Hurry Up and Wait
A year after Illinois passed a law requiring beginning teachers to
pick up additional training to stay on the job, those instructors have
only limited options for fulfilling that mandate.
School districts and state officials have been slow to set up the professional- development programs, particularly ones that provide mentoring and training for new teachers, partly because of shortfalls in state funding and personnel.
As a result, state officials are scrambling to come up with alternatives for teachers who need to move from "initial" to "standard" certification, a requirement that the first group of teachers across the state must meet by next July 1.
"It's very frustrating to teachers," said Gail Purkey, a spokeswoman for the Illinois affiliate of the American Federation of Teachers. Beginning teachers, she said, deserve mentoring and induction programs "in every school district."
Last year, Illinois passed a law giving teachers with initial teaching documents several options for securing the standard credential—or else face the loss of their state certification.
The options included completing a state-approved program of induction and mentoring, typically run by school districts; finishing several hours of graduate coursework; or earning an advanced degree in an education-related field.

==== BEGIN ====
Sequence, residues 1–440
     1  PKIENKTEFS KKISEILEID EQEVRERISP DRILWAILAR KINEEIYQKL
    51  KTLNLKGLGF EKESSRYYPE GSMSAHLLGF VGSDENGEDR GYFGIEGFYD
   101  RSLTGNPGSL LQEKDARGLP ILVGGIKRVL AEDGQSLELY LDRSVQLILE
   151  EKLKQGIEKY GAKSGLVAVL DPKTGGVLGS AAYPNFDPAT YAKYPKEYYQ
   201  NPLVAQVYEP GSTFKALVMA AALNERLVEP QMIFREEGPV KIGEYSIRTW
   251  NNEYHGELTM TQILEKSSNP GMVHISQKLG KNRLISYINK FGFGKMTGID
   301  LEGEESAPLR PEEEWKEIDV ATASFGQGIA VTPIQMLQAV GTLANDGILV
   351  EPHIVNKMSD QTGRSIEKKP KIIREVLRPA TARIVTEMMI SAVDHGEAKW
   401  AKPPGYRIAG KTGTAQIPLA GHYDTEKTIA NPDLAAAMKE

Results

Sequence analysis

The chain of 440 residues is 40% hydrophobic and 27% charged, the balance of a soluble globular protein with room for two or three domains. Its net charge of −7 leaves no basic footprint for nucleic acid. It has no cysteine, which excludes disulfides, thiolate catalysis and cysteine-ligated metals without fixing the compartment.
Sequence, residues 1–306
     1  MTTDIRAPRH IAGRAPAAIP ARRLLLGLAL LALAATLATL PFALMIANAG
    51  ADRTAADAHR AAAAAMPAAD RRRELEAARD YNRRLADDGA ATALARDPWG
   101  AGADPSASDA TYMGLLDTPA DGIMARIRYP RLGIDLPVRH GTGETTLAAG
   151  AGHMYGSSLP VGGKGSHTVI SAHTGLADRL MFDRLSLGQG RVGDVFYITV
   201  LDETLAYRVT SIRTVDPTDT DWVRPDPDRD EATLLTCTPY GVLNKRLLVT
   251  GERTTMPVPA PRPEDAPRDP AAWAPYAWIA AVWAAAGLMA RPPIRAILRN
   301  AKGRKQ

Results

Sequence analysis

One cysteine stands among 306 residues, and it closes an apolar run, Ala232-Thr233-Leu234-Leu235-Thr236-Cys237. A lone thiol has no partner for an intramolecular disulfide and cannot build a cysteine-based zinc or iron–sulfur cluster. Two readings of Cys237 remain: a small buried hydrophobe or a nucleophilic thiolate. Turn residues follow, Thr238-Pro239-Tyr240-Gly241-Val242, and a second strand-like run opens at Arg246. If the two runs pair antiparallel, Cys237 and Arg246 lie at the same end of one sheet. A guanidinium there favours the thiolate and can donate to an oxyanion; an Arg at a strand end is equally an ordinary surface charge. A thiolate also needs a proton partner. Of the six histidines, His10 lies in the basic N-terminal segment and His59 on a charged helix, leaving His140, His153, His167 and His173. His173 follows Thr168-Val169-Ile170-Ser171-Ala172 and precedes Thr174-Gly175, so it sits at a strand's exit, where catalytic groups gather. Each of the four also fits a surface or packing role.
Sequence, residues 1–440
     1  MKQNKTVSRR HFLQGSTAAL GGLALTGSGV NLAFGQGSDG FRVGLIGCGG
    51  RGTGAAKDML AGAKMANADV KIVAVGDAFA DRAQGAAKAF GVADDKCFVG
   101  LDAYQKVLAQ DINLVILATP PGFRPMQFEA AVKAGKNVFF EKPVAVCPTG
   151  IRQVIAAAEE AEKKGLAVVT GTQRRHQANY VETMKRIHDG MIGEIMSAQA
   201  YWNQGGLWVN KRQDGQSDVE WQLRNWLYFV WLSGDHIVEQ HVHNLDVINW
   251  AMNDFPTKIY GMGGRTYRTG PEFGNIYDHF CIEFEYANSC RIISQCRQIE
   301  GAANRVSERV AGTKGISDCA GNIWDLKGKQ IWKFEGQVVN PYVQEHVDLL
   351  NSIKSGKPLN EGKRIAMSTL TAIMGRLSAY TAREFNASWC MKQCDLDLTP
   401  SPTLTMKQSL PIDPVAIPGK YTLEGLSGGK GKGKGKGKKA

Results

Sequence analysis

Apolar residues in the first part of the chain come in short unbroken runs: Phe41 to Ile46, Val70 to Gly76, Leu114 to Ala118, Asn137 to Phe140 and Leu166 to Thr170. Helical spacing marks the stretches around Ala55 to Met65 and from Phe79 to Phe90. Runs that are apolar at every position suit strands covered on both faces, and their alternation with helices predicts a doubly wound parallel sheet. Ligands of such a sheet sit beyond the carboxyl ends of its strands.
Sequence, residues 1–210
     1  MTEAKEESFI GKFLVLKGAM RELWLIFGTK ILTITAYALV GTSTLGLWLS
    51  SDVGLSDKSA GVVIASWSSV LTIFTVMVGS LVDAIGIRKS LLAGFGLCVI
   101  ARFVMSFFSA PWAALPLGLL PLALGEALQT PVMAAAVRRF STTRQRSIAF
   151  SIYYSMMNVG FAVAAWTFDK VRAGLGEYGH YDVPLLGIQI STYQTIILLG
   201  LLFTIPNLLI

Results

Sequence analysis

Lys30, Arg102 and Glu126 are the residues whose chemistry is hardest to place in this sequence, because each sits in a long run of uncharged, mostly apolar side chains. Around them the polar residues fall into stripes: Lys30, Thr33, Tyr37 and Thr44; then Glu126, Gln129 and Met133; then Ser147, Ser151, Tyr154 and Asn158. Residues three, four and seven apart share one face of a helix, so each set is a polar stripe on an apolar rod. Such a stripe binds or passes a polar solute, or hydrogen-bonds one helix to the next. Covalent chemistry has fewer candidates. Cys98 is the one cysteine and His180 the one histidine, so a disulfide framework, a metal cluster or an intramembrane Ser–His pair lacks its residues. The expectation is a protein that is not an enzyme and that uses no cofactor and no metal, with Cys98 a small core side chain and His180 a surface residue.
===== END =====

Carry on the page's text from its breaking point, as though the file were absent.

But several of those options, particularly the induction and mentoring programs and the establishment of coursework at universities, are still being developed, according to an Oct. 22 state report.
State officials have no formal estimate of how many teachers are affected by the lack of programs. Some 7,000 Illinois teachers today are working with initial certificates.
Last month, members of the Illinois state board of education and state schools Superintendent Robert E. Schiller said they would consider seeking legislation during the state's veto-override session this month to waive the requirements for teachers facing the 2004 deadline, or at least delay the requirements.
"We will work with the teachers' unions, the General Assembly, and others to develop long-term solutions to this problem," Mr. Schiller, who took office last year, said in a written statement.
Vol. 23, Issue 10, Page 22Published in Print: November 5, 2003, as State Journal